Gravel crunches under the wheels and Raylan cuts the engine, climbing up out of the car. The night is still and cool, a breeze blowing down from the treetops and across his back.
"Boyd!" he shouts before fully clear. "Boyd!" he shouts again, taking swift, angry steps towards the house. Boyd appears on the porch, all in black, his jacket tucked tight around him. His compact silhouette so familiar, appearing so sudden, for a second it's like he materialised out of the shadows. Formed in an instant, from nothing, to nothing. Helen's body, covered in black.
Raylan grits his teeth. "What was that you said about your outlaw days being behind you?" This is a familiar anger and an easy path to take.
"I think you need to calm down, Raylan." Boyd's voice so measured, so ever-smooth. Raylan's hand clenches by his side and his vision tunnels. Calm down? When there's blood on the floor? Red, pooling on the floor and shattered glass across the tiles.
"Give me one good reason why I shouldn't come up there and kick the living shit outta you."
Boyd swings his arm up, gun in hand. "I'll give you fifteen reasons in the mag and one in the chamber."
Raylan blinks and halts, stones shifting under his feet. Caught out on the draw. Raylan Givens, off his game.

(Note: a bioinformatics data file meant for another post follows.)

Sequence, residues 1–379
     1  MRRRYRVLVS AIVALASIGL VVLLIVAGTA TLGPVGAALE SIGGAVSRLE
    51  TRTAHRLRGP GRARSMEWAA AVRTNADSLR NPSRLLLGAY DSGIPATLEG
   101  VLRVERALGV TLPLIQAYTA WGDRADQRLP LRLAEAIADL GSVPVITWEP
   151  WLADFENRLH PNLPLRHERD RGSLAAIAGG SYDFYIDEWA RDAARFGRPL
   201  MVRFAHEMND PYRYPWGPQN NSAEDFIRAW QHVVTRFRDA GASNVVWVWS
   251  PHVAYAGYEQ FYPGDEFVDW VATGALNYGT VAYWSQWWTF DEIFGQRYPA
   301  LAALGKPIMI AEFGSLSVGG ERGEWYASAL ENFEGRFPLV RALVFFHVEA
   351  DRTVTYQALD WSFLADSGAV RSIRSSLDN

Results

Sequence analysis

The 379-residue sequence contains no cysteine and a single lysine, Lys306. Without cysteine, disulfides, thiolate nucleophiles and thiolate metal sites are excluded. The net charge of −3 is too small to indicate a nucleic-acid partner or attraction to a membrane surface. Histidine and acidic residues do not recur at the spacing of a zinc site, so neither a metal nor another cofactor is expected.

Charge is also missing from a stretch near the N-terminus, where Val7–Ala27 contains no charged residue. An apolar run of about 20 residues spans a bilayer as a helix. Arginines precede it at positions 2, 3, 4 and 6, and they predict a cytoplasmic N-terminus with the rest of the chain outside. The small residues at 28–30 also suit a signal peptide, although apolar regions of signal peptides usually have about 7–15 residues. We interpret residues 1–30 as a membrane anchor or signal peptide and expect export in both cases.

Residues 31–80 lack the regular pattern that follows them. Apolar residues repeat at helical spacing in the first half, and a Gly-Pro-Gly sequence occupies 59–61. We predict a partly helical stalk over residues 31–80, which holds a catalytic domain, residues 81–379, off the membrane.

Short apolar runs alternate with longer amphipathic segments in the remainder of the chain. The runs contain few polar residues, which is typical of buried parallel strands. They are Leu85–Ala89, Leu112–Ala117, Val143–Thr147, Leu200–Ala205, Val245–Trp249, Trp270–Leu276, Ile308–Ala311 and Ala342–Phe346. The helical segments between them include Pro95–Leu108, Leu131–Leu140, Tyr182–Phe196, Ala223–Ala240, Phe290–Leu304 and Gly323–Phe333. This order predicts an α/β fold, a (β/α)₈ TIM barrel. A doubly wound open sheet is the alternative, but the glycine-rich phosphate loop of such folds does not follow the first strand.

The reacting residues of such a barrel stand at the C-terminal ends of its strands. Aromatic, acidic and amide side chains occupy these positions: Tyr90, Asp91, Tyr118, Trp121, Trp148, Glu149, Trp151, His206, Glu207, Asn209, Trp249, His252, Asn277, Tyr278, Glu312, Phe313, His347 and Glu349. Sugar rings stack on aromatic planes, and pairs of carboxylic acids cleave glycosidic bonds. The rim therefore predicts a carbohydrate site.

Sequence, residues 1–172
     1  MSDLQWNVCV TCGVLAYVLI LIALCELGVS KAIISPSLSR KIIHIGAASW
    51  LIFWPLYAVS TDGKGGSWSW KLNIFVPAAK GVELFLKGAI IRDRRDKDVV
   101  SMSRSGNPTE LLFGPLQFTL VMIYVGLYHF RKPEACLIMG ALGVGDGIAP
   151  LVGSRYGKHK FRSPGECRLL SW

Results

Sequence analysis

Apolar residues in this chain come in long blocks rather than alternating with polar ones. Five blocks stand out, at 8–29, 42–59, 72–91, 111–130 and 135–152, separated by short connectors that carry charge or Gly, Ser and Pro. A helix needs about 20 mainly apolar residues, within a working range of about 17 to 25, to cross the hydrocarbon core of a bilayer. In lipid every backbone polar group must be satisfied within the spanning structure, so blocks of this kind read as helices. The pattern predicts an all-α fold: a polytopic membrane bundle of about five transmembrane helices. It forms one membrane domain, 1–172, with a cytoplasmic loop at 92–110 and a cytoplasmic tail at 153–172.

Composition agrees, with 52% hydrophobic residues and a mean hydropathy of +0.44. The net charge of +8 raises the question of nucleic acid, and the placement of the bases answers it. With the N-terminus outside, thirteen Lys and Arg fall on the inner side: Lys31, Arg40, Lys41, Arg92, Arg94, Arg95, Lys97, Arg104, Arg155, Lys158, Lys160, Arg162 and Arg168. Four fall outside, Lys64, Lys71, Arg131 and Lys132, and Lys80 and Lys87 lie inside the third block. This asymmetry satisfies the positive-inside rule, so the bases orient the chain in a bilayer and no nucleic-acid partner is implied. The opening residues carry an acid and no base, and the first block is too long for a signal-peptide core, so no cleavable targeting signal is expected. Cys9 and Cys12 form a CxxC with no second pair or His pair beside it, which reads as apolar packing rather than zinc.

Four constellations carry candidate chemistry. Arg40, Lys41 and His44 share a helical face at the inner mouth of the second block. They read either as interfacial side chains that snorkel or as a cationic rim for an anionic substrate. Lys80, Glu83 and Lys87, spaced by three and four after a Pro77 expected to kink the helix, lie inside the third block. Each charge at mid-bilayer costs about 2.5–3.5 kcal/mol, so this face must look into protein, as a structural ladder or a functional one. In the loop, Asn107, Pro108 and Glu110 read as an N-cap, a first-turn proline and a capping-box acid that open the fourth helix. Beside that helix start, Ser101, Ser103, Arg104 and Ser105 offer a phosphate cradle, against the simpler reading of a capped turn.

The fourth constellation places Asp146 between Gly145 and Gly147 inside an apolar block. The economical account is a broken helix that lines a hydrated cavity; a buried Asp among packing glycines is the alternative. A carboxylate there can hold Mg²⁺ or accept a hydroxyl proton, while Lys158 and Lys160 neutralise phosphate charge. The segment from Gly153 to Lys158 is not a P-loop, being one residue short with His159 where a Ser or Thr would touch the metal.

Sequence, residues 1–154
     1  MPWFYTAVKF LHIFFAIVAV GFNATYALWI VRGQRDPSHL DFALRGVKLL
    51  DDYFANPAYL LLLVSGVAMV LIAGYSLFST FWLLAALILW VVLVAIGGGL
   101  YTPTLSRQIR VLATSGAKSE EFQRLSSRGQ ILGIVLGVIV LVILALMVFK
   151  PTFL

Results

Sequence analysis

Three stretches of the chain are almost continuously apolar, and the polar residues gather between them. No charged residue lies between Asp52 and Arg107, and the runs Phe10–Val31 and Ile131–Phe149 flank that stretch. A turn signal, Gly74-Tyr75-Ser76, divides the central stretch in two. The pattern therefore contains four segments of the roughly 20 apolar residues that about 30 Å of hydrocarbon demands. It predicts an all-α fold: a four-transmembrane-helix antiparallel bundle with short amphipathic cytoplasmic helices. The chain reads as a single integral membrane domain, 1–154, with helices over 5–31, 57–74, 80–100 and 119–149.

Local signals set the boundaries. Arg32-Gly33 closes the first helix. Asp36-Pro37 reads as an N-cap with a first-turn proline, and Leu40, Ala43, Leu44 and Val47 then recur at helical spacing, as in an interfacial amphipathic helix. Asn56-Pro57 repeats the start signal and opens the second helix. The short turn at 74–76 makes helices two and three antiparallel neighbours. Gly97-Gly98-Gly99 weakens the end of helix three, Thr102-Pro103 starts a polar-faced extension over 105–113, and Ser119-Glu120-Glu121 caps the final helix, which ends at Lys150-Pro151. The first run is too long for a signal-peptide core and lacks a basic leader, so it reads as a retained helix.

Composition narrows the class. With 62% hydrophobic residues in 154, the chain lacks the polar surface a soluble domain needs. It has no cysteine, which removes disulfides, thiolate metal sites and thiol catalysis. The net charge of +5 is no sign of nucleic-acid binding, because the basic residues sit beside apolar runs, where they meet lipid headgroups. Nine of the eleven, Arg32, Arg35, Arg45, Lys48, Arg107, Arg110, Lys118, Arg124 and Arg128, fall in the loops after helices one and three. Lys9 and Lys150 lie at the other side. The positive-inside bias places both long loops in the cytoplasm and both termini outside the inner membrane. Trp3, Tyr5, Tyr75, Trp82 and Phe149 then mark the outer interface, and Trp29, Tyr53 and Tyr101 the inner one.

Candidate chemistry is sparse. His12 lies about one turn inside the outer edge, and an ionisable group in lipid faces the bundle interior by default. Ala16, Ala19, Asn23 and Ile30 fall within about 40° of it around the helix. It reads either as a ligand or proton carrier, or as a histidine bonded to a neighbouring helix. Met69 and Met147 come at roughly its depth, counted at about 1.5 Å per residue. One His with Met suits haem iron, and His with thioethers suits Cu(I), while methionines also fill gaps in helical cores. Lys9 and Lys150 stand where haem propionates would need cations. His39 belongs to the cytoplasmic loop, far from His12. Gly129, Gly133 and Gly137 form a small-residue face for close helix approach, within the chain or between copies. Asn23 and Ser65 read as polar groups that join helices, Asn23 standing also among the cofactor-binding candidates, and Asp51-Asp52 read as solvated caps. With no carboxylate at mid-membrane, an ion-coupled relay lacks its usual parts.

He takes a sharp breath in. No matter how often it happens, people pointing guns his way always sends a jolt through his heart.
"You sure you can hit me from there?" His voice cools, accepting the challenge. This is a game he knows, a trade he's done with this man, in this place. Is that deja-vu or just bad memories playing out over and over again?
"Well I guess we'll find out." Boyd feels it too, his gun hand steady.
Raylan's heart beats heavy in his chest, and he's already full up of sad feelings, so why is the thought of this (this again) dragging him down even further?
There's a movement behind Boyd and Raylan's eyes flicker over. Cataloguing the threat that draws closer and reveals itself to be Ava with, of course, a shotgun.
She kicks open the screen door. "Is there a problem?" she asks, frown shadowing her face.
"Ava get inside the house." Raylan focuses back on Boyd.
She takes two steps, standing level with Boyd. "No I don't think I will. This is my home."
And Raylan looks at her, looks at Boyd, looks at both of them, shoulder to shoulder, guns in hand.
There's shock painted across his face and he can't quite gather himself enough to control it, to hide it like he ought to. All he feels is slipping away, like the black covered body, rolling away from him. He takes a step back, stones shifting under his feet and he stumbles, hand splaying out for balance. His eyes drop, embarrassment and anger swirling in his gut.
"Raylan." Boyd's voice is back to smooth and it's so damn familiar, always holding onto that calm, even through madness and prison and death. Something in Raylan snaps.
"She's dead Boyd!" He takes a half step forward, anger glinting his eyes. Boyd's grip on the gun tightens.
"She's dead." Raylan's voice cracks. And for a second all he can hear is the ragged inhale, exhale of his own breath.